Building a private medical practice from the ground up is no walk in the park. Things can get even more challenging when you don’t know how and where to start. Luckily, as with any big undertaking, setting up a solo practice can be broken down into smaller steps to make the process less scary.
Here’s where you begin:
Putting up a business requires capital and comes with financial risks, and a healthcare clinic is no exception. The overall cost of starting a medical practice may vary on location, overhead, specialty, and other factors.
On average, however, consultants estimate that for a medical practitioner to go solo, they would need to shell out between $70, 0000 and $100, 0000. This amount covers the expenses only for the first few months, including rent, payroll, and insurance.
Apart from the initial costs, a physician wanting to venture on their own will have to think about the continuing expenses required to run the medical practice. These include monthly bills, office supplies, disposable medical materials, equipment maintenance, and business taxes, to name a few.
This quick run-down of startup costs might make you want to put off your private practice plans, especially if you still have outstanding school debt. Don’t feel disheartened yet. As in any new businesses endeavors, there are ways to get funding for your new clinic. Consider taking a business loan or refinancing your student loan. These financing options should be enough to get your solo practice started.
Another way to go about the finances is by buying into a growing practice or stepping in for an outgoing physician. That way, you wouldn’t have to start from scratch.
Promote Your Practice
Once your clinic is all set, it’s time to get the word out there. The truth is, when you’re a new private practitioner, patients won’t simply line up at your doorstep on an opening day. You have to lure them in.
Make people aware that your clinic exists by getting it listed in online directories and local publications. Joining medical associations in the area also helps in getting referrals and advice on promoting your practice.
The secret here is not trying to do everything on your own. You may be going solo, but that doesn’t mean you can’t ask for help. If the budget permits, think of hiring experienced medical marketing consultants as well. They have the know-how to identify industry trends and growth opportunities.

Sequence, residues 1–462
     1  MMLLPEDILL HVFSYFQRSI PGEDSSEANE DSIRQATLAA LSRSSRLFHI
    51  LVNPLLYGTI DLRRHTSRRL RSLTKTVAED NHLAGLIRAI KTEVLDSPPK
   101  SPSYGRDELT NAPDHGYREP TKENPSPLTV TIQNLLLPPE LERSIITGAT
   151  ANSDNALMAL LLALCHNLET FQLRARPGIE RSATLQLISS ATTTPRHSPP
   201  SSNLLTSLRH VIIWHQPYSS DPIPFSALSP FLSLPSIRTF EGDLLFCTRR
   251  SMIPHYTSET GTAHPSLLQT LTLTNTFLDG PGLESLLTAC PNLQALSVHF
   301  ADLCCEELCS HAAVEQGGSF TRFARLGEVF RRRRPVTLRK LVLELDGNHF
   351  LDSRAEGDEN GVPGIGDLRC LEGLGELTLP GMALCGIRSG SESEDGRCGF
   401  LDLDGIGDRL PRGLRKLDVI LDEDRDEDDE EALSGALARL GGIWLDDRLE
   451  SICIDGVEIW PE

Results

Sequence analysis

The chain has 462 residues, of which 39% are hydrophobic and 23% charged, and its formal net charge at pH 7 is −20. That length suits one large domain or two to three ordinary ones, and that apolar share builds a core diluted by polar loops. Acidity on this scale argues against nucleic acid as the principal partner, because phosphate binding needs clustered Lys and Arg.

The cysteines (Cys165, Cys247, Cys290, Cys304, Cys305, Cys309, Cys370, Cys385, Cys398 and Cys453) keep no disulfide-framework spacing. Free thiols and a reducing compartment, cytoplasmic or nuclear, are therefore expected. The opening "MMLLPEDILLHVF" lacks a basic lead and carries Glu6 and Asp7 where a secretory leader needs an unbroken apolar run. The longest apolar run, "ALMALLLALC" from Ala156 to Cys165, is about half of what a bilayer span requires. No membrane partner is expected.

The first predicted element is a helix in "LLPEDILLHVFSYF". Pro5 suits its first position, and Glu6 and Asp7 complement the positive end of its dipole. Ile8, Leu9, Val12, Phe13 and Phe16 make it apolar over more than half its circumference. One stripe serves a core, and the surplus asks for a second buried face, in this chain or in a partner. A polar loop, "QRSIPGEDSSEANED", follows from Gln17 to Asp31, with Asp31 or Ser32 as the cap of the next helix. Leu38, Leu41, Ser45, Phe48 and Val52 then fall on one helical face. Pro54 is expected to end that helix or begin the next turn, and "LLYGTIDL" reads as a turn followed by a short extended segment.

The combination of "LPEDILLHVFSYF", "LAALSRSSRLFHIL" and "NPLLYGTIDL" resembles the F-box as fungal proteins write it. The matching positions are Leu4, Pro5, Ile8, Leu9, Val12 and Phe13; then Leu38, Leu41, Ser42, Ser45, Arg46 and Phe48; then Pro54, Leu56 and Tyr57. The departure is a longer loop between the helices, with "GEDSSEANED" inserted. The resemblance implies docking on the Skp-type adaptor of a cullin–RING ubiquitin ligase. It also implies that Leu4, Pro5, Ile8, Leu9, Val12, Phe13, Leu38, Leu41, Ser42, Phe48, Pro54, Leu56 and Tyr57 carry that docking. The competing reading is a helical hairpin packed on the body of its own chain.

The moment you decide to start a private practice is the perfect time to begin with the credentialing process. You would want to submit your applications ahead of time because acquiring credentials to accept payments from government and health insurers can take 90 days and more.
To make the process quicker for yourself and the insurance companies, gather all the paperwork you need in one place where they can easily be accessed. Take note that insurers will most probably ask about your educational background, medical residency, and licenses.
As you look for public insurers to sign up with, take your specialty and your clinic’s demographics into account. For instance, geriatricians may find Medicare ideal as it offers long-term care and assisted living benefits. For physicians serving low-income communities, on the other hand, an accreditation from Medicaid is worth considering.
Sure, starting your medical practice is an overwhelming journey, but keep your eyes on the prize. Maybe you want this for the freedom to work with the people you trust or to provide the quality services your community deserves. Your motivations will make the undertaking worth it.
So, when you find yourself thinking twice about your medical practice plans, go back to this guide. Remember that once you have your funds, marketing, and credentials in place, you have fewer things to worry about.